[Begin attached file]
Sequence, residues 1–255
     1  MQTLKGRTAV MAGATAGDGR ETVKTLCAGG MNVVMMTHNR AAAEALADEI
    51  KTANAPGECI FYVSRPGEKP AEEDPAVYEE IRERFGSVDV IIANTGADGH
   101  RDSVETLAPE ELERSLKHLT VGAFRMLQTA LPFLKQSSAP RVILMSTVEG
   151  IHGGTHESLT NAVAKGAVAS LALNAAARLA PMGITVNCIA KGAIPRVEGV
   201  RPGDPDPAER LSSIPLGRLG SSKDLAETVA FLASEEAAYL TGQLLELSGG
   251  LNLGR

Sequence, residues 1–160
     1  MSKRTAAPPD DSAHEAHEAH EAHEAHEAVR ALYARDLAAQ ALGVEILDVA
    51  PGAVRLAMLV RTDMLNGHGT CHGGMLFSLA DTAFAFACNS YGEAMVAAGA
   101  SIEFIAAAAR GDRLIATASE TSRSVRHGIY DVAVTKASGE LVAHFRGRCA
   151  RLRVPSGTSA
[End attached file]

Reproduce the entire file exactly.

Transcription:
Sequence, residues 1–255
     1  MQTLKGRTAV MAGATAGDGR ETVKTLCAGG MNVVMMTHNR AAAEALADEI
    51  KTANAPGECI FYVSRPGEKP AEEDPAVYEE IRERFGSVDV IIANTGADGH
   101  RDSVETLAPE ELERSLKHLT VGAFRMLQTA LPFLKQSSAP RVILMSTVEG
   151  IHGGTHESLT NAVAKGAVAS LALNAAARLA PMGITVNCIA KGAIPRVEGV
   201  RPGDPDPAER LSSIPLGRLG SSKDLAETVA FLASEEAAYL TGQLLELSGG
   251  LNLGR

Sequence, residues 1–160
     1  MSKRTAAPPD DSAHEAHEAH EAHEAHEAVR ALYARDLAAQ ALGVEILDVA
    51  PGAVRLAMLV RTDMLNGHGT CHGGMLFSLA DTAFAFACNS YGEAMVAAGA
   101  SIEFIAAAAR GDRLIATASE TSRSVRHGIY DVAVTKASGE LVAHFRGRCA
   151  RLRVPSGTSA